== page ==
If you enjoyed the first part of this paper, A Career in Ecology, back in April, you’ll be eager to read this next part, to aid your quest for that perfect job.
Actively looking for a career in ecology
Which ever route you have taken to begin your search for a career in ecology, then you now need to work on your marketing and sales skills. What? But I want a job within the natural environment, not selling stuff! Well, you need to get over yourself and into the mindset that you are so worth employing and it would be to the employer’s benefit to offer you that job, right now! That’s a big leap for someone who has little or no experience of actually working in the environmental sector. So, let’s back up a little before you start applying for any old job.
If you’ve clicked on some of the links already provided within this blog or, hopefully, done a huge amount of your own research into potential employers, jobs and career progression, then you will need to address the skills gap. What is it your potential employer is looking for? Can you honestly meet or exceed their expectations? If not, then you will need a plan of action.
Plan of action
Your plan should include either a short-term goal (e.g. secure an assistant ecologist role) or a long-term goal (e.g. help advocate for the restoration of biodiversity). To achieve your goal, you will need a road map to get you there. For a short-term goal this is going to be relatively straight forward. Using our example, your plan would be to identify the essential and desirable skills and traits required to secure that job and work towards obtaining or further developing those areas.
If it’s essential that you have your own car but you can’t drive, then you know what to do! If it’s desirable for you to have a year’s experience of working with an ecological consultancy (I know, a catch 22 situation), then could you gain that experience by volunteering your time for 1 day per week?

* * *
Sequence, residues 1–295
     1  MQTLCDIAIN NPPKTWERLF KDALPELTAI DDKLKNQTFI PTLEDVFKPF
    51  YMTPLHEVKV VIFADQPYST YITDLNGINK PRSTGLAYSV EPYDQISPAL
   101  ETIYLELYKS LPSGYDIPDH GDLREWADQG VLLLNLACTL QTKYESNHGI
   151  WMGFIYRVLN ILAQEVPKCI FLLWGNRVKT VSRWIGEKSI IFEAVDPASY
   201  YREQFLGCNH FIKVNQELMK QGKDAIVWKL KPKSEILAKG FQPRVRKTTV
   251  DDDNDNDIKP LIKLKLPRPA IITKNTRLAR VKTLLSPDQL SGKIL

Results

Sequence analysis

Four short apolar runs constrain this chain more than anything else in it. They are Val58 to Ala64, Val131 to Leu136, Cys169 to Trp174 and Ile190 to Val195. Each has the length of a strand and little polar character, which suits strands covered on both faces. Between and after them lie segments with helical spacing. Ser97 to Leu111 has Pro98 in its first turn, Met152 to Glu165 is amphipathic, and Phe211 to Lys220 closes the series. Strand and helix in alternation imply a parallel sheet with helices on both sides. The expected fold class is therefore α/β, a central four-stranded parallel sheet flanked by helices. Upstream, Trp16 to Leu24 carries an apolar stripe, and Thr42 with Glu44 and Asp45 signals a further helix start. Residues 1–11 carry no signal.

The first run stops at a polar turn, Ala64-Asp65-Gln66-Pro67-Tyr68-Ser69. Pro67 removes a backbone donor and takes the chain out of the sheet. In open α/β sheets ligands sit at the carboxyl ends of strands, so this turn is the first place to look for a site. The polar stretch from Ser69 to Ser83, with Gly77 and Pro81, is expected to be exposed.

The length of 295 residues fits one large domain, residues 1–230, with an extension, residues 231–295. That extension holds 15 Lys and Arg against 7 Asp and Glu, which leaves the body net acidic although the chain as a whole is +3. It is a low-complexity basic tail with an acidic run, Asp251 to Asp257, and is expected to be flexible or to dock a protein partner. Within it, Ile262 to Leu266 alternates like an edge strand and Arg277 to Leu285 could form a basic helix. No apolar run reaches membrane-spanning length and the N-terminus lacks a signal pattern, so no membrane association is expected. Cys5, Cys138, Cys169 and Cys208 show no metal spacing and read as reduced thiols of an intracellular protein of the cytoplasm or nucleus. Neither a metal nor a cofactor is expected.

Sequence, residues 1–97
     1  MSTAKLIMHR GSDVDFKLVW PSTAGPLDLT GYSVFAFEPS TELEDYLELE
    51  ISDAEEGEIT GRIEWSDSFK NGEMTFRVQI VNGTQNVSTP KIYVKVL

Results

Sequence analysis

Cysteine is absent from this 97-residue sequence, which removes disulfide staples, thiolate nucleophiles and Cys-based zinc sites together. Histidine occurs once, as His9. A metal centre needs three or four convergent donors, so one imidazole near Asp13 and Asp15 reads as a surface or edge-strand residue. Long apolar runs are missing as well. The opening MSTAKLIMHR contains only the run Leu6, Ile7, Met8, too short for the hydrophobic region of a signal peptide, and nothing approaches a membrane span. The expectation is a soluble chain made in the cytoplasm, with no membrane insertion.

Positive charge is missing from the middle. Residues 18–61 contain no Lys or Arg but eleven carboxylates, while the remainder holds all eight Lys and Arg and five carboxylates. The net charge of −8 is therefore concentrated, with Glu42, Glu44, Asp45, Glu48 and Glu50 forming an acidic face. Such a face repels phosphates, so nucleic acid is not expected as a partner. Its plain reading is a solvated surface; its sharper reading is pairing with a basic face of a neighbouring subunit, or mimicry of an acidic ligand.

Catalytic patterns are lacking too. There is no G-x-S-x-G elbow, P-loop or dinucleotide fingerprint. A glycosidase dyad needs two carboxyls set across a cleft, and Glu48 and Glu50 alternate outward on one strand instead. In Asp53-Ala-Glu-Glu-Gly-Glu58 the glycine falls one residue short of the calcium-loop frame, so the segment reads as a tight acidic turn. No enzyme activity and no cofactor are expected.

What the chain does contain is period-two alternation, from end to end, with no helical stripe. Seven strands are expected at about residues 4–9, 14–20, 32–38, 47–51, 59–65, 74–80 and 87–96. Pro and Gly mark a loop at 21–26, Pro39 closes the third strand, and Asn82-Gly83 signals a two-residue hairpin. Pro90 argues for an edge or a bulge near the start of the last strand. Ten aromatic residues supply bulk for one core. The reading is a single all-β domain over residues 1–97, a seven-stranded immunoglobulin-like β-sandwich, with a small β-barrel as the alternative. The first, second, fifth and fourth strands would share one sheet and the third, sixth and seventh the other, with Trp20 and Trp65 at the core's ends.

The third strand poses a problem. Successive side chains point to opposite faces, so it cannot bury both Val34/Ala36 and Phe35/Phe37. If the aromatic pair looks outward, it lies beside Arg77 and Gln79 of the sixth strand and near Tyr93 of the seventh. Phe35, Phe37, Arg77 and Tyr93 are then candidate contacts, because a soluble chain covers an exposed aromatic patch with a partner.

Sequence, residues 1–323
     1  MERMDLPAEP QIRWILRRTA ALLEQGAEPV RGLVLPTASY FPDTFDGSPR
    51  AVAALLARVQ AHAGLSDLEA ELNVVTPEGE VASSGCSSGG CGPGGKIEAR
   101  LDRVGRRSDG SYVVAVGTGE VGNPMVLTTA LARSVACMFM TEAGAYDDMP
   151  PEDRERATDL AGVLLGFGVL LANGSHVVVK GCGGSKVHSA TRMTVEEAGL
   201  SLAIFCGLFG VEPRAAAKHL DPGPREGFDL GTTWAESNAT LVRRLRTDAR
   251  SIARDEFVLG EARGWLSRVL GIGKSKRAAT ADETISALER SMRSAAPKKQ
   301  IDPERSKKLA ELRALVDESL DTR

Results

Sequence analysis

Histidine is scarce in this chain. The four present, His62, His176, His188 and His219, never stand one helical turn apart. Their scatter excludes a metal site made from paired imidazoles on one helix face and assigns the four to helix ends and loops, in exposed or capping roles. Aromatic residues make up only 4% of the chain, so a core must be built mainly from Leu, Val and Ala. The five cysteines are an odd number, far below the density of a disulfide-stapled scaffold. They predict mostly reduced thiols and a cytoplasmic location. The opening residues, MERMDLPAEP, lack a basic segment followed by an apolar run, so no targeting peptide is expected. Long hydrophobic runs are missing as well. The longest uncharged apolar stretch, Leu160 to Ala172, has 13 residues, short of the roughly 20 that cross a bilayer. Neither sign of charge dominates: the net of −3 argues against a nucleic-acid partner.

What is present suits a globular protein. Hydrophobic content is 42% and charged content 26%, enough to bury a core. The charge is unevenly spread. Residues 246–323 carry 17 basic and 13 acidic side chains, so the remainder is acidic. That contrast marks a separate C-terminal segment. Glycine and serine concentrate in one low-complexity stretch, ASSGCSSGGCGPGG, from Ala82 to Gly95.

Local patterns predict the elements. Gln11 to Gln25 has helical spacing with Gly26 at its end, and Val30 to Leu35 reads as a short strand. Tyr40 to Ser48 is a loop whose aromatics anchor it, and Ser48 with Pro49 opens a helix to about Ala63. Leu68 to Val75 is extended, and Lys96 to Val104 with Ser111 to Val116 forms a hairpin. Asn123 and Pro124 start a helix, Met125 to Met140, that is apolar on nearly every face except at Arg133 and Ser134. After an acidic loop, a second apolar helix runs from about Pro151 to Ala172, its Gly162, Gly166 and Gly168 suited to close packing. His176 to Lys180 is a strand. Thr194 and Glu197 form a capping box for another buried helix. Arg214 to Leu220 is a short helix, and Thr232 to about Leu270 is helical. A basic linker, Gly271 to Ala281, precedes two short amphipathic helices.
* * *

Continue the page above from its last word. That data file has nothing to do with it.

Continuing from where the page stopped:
Your mind will put in barriers – usually “I don’t have the time or money to do those things.” I’m afraid that simply is not true. What you really mean is that you can’t be bothered to work to acquire those skills and that maybe you’re not as ‘passionate’ about the natural environment as you first thought! Harsh, but likely to be true if you are honest with yourself.
Aptitude for ecology
So, do you have the right aptitude? Depending on your answers to the questions and comments above, then you will need to not only acquire technical skills and knowledge, but gain an understanding of what other traits make a great ecologist. We use a simple, yet effective, analysis on behavioural characteristics on eight known personality types using the Insights Discovery questions. It’s a great way to recognise your dominant behavioural trait and find out how you typically react to people, and conversely how you should treat others! So, which of the following describes you on a good day:
- Sets standards – Product knowledge – Analysis
- Planning – Organisation – Time management
- Listens – Loyal – Team approach
- Helps others – Flexible – Shares Ideas
- Persuasive – Creative – People skills
- Drive – Enthusiasm – Positive thinking
- Results focused – Decisive – Assertive
- Determination – Monitoring performance – Discipline
Chances are you may relate to two. Also, you may also identify two or more that are not you! I’ll save the analysis for another time.
Of course, that’s all well and good, but what’s that got to do with getting a job? Well, if you are a very detailed orientated and analytical person (e.g. it has to be perfect) then you probably would not fit into a highly creative team (e.g. spend ages talking about something, change your mind and then get it out there as perfect is for later). Equally, if you work for a result-orientated company with deadlines that must be met, then you are not going to thrive in a company if you’re more of a team player, listens to everyone’s viewpoint before deciding. That’s not to say these polar opposites could not work together, but everyone should recognise their strengths and weaknesses.
In summary, find a company that either mirrors or respects your values and not one that is going to be antagonistic (unless, that is, you have been brought in to make serious change to their culture).
Richard Dodd, Principal Ecologist